By Subodh Chandra
My experience in addressing healthcare-fraud cases arises from my service as a federal prosecutor in the United States Department of Justice. In the U.S. Attorney's Office for the Northern District of Ohio, I was assigned specifically to oversee the investigations of and prosecute healthcare-fraud cases. I also served on a multi-agency, multi-governmental Healthcare Fraud Task Force that included representatives of the FBI, U.S. Department of Health & Human Services Office of Inspector General, State Medical Board of Ohio, Ohio Attorney General’s Office, and others.
My years at the Justice Department prosecuting allegations of healthcare fraud including pursuing significant violations of the federal anti-kickback statute, 42 U.S.C. § 1320a-7b(b); the healthcare-fraud statute, 18 U.S.C. § 1347; and the mail-fraud and wire-fraud statutes.
Many of my healthcare-fraud and other federal criminal prosecutions resulted in guilty pleas, following extensive negotiations, while others went to trial, resulting in convictions.
These experiences have given me significant insight into how federal prosecutors put together healthcare-fraud cases, starting when an FBI agent or a representative of the Office of Inspector General of the US Department of Health & Human Services comes to the prosecutor suggesting there is a healthcare-fraud allegation worth investigating. I know how to evaluate the case and determine whether it's something that the federal government would be extremely interested, moderately interested, or not interested in pursuing. Because I handled the federal criminal prosecutions for healthcare fraud, I’m also experienced with how they put the case together, what kind of evidence is needed, and what kinds of evidence would defeat a potential claim of healthcare fraud.
I’ve also worked with the U.S. Department of Justice attorneys responsible for affirmative civil enforcement. Their job is to handle those healthcare-fraud cases that are serious enough that the Department of Justice requires a representative to track and recover money on behalf of the U.S. government but not sufficiently serious that criminal charges are filed. Those attorneys work in parallel with federal prosecutors, or the investigations often happen in parallel with the criminal prosecutor taking the lead.
Because I worked with them, I have a sense of what they are looking for: what minimum dollar thresholds they're interested in before they will pursue a False Claims Act case, what types of alleged schemes interest them most, and what types of alleged offenses are too hard to prove.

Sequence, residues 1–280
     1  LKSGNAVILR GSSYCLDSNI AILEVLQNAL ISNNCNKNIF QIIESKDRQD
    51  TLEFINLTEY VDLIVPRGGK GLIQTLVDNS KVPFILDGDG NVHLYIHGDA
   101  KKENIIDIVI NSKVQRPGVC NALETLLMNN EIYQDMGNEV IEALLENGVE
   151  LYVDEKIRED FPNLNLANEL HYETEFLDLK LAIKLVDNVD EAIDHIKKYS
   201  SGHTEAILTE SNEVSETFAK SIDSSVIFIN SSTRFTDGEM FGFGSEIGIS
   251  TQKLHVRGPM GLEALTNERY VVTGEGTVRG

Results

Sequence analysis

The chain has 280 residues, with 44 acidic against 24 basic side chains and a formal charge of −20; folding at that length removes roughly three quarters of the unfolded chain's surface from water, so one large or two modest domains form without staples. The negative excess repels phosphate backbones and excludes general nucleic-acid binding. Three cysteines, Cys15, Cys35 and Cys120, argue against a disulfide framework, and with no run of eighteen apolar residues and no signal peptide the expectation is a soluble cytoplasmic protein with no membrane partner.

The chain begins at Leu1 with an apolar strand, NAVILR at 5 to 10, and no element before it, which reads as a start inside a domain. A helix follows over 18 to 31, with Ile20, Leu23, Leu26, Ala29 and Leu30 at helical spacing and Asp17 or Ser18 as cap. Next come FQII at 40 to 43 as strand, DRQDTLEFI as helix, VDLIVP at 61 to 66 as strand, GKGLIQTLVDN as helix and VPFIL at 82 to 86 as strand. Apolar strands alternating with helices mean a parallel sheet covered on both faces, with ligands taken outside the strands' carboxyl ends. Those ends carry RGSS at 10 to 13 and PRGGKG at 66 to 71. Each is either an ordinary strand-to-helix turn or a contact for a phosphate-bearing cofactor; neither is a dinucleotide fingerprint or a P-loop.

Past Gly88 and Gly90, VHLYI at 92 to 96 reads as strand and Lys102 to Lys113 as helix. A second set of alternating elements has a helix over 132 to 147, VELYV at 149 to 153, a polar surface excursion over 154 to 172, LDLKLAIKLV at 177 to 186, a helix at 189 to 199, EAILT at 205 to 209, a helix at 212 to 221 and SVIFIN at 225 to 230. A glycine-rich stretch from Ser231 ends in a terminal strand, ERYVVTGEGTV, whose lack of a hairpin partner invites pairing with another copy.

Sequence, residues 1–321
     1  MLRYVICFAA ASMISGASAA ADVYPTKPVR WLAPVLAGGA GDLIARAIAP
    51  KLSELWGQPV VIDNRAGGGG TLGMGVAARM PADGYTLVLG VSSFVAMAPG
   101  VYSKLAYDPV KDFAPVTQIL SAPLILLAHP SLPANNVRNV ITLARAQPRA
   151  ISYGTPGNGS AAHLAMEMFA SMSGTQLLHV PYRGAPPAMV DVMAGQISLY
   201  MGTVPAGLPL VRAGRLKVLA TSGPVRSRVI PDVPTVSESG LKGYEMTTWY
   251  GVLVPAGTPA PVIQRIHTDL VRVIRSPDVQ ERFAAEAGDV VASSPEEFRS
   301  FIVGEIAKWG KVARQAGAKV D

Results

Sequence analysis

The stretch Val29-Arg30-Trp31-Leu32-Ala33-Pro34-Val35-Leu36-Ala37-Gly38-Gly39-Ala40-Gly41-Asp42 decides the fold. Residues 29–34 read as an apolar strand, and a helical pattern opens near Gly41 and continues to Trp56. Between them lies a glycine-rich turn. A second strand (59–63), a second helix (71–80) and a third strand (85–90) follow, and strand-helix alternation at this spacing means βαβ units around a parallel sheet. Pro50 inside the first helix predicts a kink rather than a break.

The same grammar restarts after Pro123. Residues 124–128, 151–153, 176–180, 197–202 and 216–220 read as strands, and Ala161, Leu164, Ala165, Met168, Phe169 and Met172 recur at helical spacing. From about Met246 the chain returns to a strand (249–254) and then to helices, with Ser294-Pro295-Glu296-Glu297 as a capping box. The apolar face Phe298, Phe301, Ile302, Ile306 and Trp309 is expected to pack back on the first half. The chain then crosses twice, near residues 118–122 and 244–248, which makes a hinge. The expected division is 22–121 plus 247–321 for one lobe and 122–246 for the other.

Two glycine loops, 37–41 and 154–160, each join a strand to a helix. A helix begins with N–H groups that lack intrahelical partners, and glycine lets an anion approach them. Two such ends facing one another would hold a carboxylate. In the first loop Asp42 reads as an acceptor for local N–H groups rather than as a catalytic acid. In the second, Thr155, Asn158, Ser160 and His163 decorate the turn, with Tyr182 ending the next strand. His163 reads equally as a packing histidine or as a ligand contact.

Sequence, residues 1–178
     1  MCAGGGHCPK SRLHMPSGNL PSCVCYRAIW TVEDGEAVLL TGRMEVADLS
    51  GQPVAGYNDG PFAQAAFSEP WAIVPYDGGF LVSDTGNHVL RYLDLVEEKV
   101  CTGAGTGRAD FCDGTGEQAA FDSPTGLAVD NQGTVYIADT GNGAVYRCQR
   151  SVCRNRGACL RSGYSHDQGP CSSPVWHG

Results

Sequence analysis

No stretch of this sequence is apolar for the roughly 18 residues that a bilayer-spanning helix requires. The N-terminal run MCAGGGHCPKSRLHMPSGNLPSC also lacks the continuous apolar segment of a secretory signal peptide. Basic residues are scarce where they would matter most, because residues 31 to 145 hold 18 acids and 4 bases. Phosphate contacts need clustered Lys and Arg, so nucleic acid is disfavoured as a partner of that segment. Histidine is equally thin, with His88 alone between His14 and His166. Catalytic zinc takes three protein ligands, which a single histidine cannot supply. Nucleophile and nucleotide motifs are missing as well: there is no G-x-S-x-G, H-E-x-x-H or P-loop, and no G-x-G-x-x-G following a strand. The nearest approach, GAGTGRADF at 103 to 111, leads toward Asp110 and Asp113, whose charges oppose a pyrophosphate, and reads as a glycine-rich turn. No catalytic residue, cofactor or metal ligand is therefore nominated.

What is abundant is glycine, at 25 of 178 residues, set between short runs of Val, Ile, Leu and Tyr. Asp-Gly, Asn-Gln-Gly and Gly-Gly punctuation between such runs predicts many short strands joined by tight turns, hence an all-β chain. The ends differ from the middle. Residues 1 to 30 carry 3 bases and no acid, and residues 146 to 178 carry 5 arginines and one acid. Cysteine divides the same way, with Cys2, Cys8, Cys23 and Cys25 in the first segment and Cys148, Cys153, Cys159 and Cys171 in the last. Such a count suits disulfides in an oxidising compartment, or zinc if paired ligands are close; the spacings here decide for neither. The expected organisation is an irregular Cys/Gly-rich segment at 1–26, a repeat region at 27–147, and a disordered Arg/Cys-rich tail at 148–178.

In the course of my work as a federal prosecutor, I secured dozens of convictions of individuals and companies for healthcare-fraud schemes. I received special recognition from FBI director Robert S. Mueller, III for “demonstrated excellence” in a series prosecutions for healthcare fraud and violations of the anti-kickback statute.
It's a deep well of experience that our office now uses in different types of cases.
Here are the types of people that we represent. Individuals or company owners who are being investigated for healthcare fraud or variations of healthcare fraud like mail fraud, wire fraud, conspiracy, or aiding and abetting healthcare fraud.
Sometimes, we represent individuals who had other representation but a trial is approaching and they want an attorney who is not afraid to try a case. Some clients were represented by other attorneys, were convicted, and want to appeal—or the prosecutors are pursuing other healthcare-fraud convictions or a conviction on multiple counts. Sometimes, it’s someone who has been convicted and already been through an appeal but wants to bring a claim for ineffective assistance of counsel or what is known as a “collateral attack” on the conviction following the direct appeal process.
We also represent people who believe they have found a fraud scheme that would be valuable to the government itself. These might be individuals thinking about bringing a False Claims Act case on behalf of the United States government. A private party has come to us believing that there is a significant healthcare-fraud issue that is of concern to them., with significant potential losses. The individuals who come to us ready to blow the whistle on healthcare fraud are often either current employees or former employees. Sometimes, these are people who have come to know about fraud through some other means. We help analyze and understand whether this is something that might interest the federal government where fraud is involved with government money through the Medicare, Medicaid, Tricare programs, or the Veterans Administration.
We work with individuals who are thinking about blowing the whistle to help them understand if they have a good case. Then we help them develop a draft disclosure statement required under the False Claims Act to go to the government, give them a preview of what it is that we're about to file, and file the complaint with the government to launch the initial investigation to determine if there is a fraud.
Finally, sometimes entities want us to do an internal investigation to see whether healthcare fraud occurred. That might be a corporation or it might be a private practice.